“I understand therapy to be a cooperative effort in which we work together to help you engage with your mind, your environment, and your relationships.”
What was your path to becoming a therapist?
I earned a PhD in social welfare from the CUNY Graduate Center and an MSW from Columbia University. I completed postgraduate psychotherapy training at the Psychoanalytic Training Institute of the Contemporary Freudian Society. I have provided psychotherapy and clinical services at the Department of Veterans Affairs, the Washington Square Institute, and Montefiore Medical Center. My experience includes working with adults and couples seeking help for depression, anxiety, trauma, sexuality/intimacy, identity issues, religion/spirituality, men's issues, and the emotional impact of navigating challenging life transitions.
What should someone know about working with you?
I welcome the opportunity to help you work on the issues that bring you to therapy. I understand therapy to be a cooperative effort in which we work together to help you engage with your mind, your environment, and your relationships. Therapy is pragmatic yet deeply meaningful; we simultaneously focus on immediate problems and opportunities for long-term growth. Throughout our work together, I strive to offer help that resonates with your individual needs and preferences.
What do you do to continue learning and building competencies as a provider?
I am a member of the International Erich Fromm Society, the International Psychoanalytical Studies Organization, and the American Association for Psychoanalysis in Clinical Social Work where I serve on the advisory board and contribute to the work of the Diversity and Social Action Committee and the Public Relations Committee. I have presented at national and international conferences including the Psychoanalysis and Politics Conference Series (Paris, France 2017), the doctoral seminar of the Erich Fromm Study Center at the International Psychoanalytic University (Tubingen, Germany 2016), and the International Psychoanalytical Association (Boston, USA 2015). I am editor of the book Progressive Psychoanalysis as a Social Justice Movement (Cambridge Scholars Publishing, 2017) and author of multiple peer-reviewed articles that have appeared in publications such as the Journal of Psychohistory and Room Magazine.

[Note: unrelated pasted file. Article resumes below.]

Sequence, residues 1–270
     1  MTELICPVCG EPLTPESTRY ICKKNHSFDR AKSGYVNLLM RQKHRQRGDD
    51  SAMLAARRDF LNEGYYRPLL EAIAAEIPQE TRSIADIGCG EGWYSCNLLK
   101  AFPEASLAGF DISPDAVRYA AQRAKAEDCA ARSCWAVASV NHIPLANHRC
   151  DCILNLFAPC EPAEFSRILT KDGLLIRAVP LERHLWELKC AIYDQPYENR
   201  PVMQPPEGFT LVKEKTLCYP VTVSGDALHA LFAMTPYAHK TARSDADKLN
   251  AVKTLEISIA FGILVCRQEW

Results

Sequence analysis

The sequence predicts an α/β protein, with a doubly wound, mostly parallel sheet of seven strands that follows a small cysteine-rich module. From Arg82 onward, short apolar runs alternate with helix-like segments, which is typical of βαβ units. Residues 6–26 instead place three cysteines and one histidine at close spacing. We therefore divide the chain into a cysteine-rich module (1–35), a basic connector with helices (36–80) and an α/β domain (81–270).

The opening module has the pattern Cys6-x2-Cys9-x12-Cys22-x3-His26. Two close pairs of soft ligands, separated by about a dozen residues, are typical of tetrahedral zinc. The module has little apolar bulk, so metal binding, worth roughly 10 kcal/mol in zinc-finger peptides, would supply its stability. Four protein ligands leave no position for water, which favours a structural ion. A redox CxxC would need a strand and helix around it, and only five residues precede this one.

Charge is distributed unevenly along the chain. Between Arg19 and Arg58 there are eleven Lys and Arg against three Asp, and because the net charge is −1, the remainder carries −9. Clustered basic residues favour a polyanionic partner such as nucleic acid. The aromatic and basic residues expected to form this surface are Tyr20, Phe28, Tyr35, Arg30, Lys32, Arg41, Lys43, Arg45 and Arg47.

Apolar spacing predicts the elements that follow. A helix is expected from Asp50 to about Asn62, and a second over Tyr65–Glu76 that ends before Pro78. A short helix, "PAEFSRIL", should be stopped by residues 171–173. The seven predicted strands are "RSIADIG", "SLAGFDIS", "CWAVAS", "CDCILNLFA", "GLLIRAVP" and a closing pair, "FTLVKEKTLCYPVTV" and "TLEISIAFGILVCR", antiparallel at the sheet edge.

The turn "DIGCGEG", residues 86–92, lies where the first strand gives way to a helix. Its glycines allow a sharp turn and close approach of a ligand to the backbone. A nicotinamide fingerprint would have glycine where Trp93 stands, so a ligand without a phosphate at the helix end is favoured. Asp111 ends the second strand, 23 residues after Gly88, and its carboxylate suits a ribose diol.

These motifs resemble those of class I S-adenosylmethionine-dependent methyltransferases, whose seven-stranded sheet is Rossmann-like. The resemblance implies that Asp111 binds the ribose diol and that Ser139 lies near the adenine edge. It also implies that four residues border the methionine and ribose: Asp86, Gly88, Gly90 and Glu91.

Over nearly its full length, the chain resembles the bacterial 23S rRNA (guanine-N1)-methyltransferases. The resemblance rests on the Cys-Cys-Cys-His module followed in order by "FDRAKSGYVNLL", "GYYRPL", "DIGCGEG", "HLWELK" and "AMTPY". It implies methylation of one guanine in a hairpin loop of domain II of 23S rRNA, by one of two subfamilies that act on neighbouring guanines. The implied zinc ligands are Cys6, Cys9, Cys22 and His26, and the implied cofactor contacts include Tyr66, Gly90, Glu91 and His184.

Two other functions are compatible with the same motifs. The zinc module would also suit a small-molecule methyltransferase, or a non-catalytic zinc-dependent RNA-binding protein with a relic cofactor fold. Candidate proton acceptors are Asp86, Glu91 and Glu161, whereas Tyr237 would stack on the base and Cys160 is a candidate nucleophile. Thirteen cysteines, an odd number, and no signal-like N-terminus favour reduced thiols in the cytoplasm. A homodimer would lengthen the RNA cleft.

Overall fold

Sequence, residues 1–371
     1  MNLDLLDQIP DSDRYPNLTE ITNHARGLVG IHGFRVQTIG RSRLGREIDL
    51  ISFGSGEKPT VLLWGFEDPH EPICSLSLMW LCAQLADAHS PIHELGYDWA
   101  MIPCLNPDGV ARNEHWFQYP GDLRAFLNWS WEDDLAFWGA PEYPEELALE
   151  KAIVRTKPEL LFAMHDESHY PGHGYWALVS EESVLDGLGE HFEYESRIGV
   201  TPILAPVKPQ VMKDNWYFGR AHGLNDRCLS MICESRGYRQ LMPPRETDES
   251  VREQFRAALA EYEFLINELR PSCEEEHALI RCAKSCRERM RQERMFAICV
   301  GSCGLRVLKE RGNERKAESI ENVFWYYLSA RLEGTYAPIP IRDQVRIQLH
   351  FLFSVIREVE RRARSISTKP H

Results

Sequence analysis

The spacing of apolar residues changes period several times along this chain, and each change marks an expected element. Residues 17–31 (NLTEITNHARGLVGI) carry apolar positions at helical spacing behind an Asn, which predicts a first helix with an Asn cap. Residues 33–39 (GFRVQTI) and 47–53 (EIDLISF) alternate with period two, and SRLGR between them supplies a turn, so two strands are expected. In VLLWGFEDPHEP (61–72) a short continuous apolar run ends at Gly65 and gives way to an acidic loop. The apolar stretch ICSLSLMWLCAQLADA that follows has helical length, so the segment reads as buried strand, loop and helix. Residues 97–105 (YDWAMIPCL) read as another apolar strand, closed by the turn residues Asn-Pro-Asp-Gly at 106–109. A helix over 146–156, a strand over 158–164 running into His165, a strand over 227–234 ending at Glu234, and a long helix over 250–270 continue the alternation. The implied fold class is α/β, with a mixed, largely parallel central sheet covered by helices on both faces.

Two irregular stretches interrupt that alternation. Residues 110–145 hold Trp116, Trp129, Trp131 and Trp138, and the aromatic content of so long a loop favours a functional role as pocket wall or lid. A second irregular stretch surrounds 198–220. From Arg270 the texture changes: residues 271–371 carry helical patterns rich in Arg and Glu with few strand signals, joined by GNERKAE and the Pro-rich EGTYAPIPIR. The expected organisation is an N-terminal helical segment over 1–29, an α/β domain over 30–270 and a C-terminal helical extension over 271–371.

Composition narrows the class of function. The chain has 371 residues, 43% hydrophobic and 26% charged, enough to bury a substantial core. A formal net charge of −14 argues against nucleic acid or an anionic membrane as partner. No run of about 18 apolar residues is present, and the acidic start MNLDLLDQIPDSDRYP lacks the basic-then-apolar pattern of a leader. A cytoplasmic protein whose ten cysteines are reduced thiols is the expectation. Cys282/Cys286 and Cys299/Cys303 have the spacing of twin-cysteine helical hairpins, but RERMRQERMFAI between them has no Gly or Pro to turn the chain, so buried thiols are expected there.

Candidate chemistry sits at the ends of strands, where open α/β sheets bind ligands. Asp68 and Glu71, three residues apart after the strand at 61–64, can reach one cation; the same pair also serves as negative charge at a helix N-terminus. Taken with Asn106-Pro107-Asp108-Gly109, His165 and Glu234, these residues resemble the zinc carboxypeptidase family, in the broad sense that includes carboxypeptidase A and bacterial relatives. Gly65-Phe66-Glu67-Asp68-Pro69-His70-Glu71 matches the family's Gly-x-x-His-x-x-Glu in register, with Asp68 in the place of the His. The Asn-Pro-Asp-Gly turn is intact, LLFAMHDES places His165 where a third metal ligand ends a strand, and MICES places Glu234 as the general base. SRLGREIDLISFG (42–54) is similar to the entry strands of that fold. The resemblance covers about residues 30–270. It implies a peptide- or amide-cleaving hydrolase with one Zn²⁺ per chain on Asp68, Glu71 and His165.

“Therapy is pragmatic yet deeply meaningful; we simultaneously focus on immediate problems and opportunities for long-term growth.”